Nothing can thwart God's plan
Last week, we saw Haman’s plan to kill Mordecai. We saw how his faulty joy led him to devise a wicked plan. And this week, we see what happens. While Haman has the gallows made, King Ahasuerus can’t sleep.
“On that night the king could not sleep. And he gave orders to bring the book of memorable deeds, the chronicles, and they were read before the king. And it was found written how Mordecai had told about Bigthana and Teresh, two of the king’s eunuchs, who guarded the threshold, and who had sought to lay hands on King Ahasuerus” (Esth. 6:1-2 ESV).
I don’t know about you, but when I can’t sleep, I don’t grab a book of chronicles. And I even like history. But in God’s providence, the king gets a bedtime story – a rather boring one at that. While listening, he was reminded of Mordecai’s heroic deed to save his life (see Esth. 2:19-23).
“And the king said, ‘What honor or distinction has been bestowed on Mordecai for this?’ The king’s young men who attended him said, ‘Nothing has been done for him’” (v. 3 ESV).
Think about this for a moment. Haman’s awake devising a plan to kill the same man King Ahasuerus wants to honor. Is this not a clear indication of God’s sovereignty at work? But wait, it gets even better.
“And the king said, ‘Who is in the court?’ Now Haman had just entered the outer court of the king’s palace to speak to the king about having Mordecai hanged on the gallows that he had prepared for him. And the king’s young men told him, ‘Haman is there, standing in the court.’ And the king said, ‘Let him come in’” (v. 4-5 ESV).
Oh, boy. Things are about to get interesting.
“So Haman came in, and the king said to him, ‘What should be done to the man whom the king delights to honor?’ And Haman said to himself, ‘Whom would the king delight to honor more than me?’” (v. 6 ESV).
Hold on. Let me get this straight. King Ahasuerus has insomnia on the night of Haman’s wicked plan to kill Mordecai. Of all things, King Ahasuerus reads a history book. And of all people, Mordecai is on the king’s mind. As Haman comes to request Mordecai’s death, Ahasuerus asks Haman how Mordecai can be honored. But, of course, when the king asks Haman what should be done to a man worthy of honor, Haman thinks of himself. In fact, the way Haman responds to the king makes one think that Haman has indeed considered this thought in the past. Perhaps too much.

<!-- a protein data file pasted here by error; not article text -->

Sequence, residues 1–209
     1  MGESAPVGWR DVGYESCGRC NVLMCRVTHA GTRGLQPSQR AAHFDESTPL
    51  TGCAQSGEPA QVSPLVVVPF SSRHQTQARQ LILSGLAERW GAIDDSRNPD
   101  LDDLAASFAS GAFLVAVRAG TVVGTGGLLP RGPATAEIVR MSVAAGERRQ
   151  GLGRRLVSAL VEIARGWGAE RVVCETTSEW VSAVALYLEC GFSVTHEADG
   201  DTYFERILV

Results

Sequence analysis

Haman says, “‘For the man whom the king delights to honor, let royal robes be brought, which the king has worn, and the horse that the king has ridden, and on whose head a royal crown is set. And let the robes and horse be handed over to one of the king’s most noble officials. Let them dress the man whom the king delights to honor, and let them lead him on the horse through the square of the city, proclaiming before him: “Thus shall it be done to the man whom the king delights to honor”’” (v. 7-9 ESV).
Sounds like an elaborate plan to me. And Haman must be shocked to hear what the king says next. Because, of all people, Haman learns that the one King Ahasuerus seeks to honor is the same man he seeks to kill (v. 10). What’s even better? King Ahasuerus makes Haman lead Mordecai’s honor procession.
Talk about humiliation. So much for Haman’s dumb plan. The Bible says, “Then Mordecai returned to the king’s gate. But Haman hurried to his house, mourning and with his head covered” (v. 12 ESV).
After all, “Pride goes before destruction, and a haughty spirit before a fall” (Prov. 16:18 ESV).
But here’s what I really want you to see: “And Haman told his wife Zeresh and all his friends everything that had happened to him. Then his wise men and his wife Zeresh said to him, ‘If Mordecai, before whom you have begun to fall, is of the Jewish people, you will not overcome him but will surely fall before him’” (v. 13 ESV).
In other words, Haman is doomed. And his pagan friends know it. Why? Because God’s sovereignty at work in Esther 6 is even noticeable to those separated from Him. One might call it coincidence, but Esther 6 is much more than mere irony.
In this chapter of Esther, we see how God’s work is obvious enough for the pagans to recognize. You see, even in a secular world, God’s handiwork and sovereignty can be seen. Even in the silence.